The biggest problem I’m having right at the moment is that I don’t know what the focus of the book should be. I’m not entirely clear on what I’m trying to accomplish, and what the scope should be. I’m also not entirely sure of my target audience.
Originally I thought I would focus on orienting “new” atheists (or anyone for that matter) to the atheist community/movement/whatever. Whenever anyone becomes interested in something for which there is a community, there’s always this difficult period of orienting one’s self and discovering who’s who, what’s what, and what the current issues are and where the community is headed. At the time I felt really connected to and current with the atheist community and figured I could use this in my project. However, it was a few months after I started this project that I decided to stop listening to the news and politics because I was just in a constant state of rage. Incidentally, I stopped really listening to atheist podcasts too since many of them talk about infuriating news reports relating to atheism. I kind of dropped out of the community then. I hadn’t done anything since the Reason Rally, and I stopped going to my local atheist meetups. I feel like I’m really out of touch with what’s going on in the community at the moment, and that kind of scares me when trying to write this book. So maybe orienting people in the community shouldn’t be my main focus.
Instead I think I’m going to try and orient them to religion and atheism in general. Sure I’ll point them to community things, but my main focus is going to be closer to the original intent of the debate flashcards, education.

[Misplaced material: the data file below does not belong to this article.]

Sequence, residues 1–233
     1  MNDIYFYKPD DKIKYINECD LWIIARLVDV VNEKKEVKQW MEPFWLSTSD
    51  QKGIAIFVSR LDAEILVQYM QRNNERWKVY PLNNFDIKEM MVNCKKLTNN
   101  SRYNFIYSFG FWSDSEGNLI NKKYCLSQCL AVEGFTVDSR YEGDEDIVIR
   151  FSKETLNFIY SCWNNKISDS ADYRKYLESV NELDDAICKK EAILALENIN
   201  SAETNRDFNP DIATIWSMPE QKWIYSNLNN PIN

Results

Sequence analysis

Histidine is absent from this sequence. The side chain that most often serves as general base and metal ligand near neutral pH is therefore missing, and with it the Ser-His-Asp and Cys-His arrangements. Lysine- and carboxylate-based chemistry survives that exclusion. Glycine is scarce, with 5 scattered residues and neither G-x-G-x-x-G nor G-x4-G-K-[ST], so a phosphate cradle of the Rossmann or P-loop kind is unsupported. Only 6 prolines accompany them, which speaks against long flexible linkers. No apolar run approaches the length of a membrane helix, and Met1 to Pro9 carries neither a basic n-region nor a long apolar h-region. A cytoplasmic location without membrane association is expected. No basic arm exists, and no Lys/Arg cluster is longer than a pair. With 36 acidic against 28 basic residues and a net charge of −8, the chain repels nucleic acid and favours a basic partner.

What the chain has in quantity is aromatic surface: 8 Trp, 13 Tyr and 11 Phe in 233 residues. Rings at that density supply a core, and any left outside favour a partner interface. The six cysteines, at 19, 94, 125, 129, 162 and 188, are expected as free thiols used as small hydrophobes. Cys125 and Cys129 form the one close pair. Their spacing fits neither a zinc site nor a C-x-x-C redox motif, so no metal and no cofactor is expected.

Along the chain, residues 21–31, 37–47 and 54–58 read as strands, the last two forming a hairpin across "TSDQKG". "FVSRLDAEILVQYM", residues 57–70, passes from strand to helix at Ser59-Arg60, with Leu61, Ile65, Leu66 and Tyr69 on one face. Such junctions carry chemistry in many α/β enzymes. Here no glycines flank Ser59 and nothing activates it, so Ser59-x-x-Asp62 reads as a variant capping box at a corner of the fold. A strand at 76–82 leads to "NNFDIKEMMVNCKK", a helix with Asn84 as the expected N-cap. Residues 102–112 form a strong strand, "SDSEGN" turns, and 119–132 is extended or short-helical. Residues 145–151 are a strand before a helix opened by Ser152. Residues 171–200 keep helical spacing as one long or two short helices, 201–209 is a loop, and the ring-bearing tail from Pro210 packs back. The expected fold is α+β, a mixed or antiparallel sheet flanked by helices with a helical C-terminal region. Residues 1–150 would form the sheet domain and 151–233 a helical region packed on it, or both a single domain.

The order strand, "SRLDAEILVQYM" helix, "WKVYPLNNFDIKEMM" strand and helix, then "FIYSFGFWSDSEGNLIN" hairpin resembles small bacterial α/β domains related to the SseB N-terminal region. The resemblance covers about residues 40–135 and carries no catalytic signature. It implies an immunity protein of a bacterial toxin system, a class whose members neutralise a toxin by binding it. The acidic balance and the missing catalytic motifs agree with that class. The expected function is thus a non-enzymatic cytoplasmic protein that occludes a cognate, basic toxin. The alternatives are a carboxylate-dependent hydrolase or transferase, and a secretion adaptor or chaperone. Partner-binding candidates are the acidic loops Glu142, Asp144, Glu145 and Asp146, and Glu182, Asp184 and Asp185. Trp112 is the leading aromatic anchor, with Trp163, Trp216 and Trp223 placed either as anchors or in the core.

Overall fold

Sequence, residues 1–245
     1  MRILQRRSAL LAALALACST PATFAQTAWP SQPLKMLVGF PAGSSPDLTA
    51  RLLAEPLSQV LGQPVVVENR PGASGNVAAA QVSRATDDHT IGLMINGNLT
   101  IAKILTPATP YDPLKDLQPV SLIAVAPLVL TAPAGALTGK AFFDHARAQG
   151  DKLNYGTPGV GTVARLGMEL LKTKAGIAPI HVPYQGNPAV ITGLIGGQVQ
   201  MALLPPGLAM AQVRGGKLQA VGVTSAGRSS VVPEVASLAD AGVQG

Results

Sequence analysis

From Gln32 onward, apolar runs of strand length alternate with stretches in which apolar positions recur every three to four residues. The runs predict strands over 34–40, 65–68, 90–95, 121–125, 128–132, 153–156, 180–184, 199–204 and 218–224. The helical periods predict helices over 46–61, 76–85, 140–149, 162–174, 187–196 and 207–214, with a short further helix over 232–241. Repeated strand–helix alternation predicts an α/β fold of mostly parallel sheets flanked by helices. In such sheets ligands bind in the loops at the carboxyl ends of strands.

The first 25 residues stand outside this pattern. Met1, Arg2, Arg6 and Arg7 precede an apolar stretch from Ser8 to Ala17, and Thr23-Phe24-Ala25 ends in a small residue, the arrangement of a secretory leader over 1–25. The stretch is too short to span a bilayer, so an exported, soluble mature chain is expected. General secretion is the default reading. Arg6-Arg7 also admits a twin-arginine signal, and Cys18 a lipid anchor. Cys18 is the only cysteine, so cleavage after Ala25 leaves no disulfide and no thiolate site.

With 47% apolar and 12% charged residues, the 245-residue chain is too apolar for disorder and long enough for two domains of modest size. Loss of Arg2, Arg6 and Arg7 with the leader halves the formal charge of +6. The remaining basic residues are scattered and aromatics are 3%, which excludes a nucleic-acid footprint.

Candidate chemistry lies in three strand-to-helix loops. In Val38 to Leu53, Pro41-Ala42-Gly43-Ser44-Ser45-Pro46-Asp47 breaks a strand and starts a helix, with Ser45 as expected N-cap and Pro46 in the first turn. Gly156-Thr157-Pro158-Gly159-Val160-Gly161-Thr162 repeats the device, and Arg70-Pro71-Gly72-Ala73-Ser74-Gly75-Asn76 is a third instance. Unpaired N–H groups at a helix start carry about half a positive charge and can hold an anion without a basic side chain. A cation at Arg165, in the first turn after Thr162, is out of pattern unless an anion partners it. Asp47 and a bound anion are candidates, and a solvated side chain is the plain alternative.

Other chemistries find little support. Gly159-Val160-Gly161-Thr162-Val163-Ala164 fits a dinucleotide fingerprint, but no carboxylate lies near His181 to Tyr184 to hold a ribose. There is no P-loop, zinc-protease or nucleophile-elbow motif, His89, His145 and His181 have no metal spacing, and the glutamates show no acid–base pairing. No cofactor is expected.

I would like to direct my book at people who either just left a faith, or who have always been non-religious, but never took an interest until now. I would like to give them a good foundation of things they should know to in order to be a well rounded person when it comes to religion. I’m going to expand on the topics in my debate flashcards and cover things like general religious terminology, the well reasoned argument, logical fallacies and argumentation structure, the scientific method, a general overview of philosophy and the various fields, comparative religions including how the religions are structured, core tenets and beliefs, sacred texts and their history/characters/themes, and religion in a modern governmental/societal context. (Just to name a few)
The biggest issue I’ve run into so far is trying to keep the right scope. There are volumes and volumes of books written about everything I just mentioned. I’ve really got to fight the researcher in me that wants to write 20-30 page term papers on each subject. I’d never get my book done that way. I need to force myself to be general. This book is meant to orient people, to make them aware of things they might not be aware of, and to point them in the right direction if something in particular interests them. At the same time I’m worried about making it too general. I want to make something of value, something I won’t feel wrong asking people to pay for.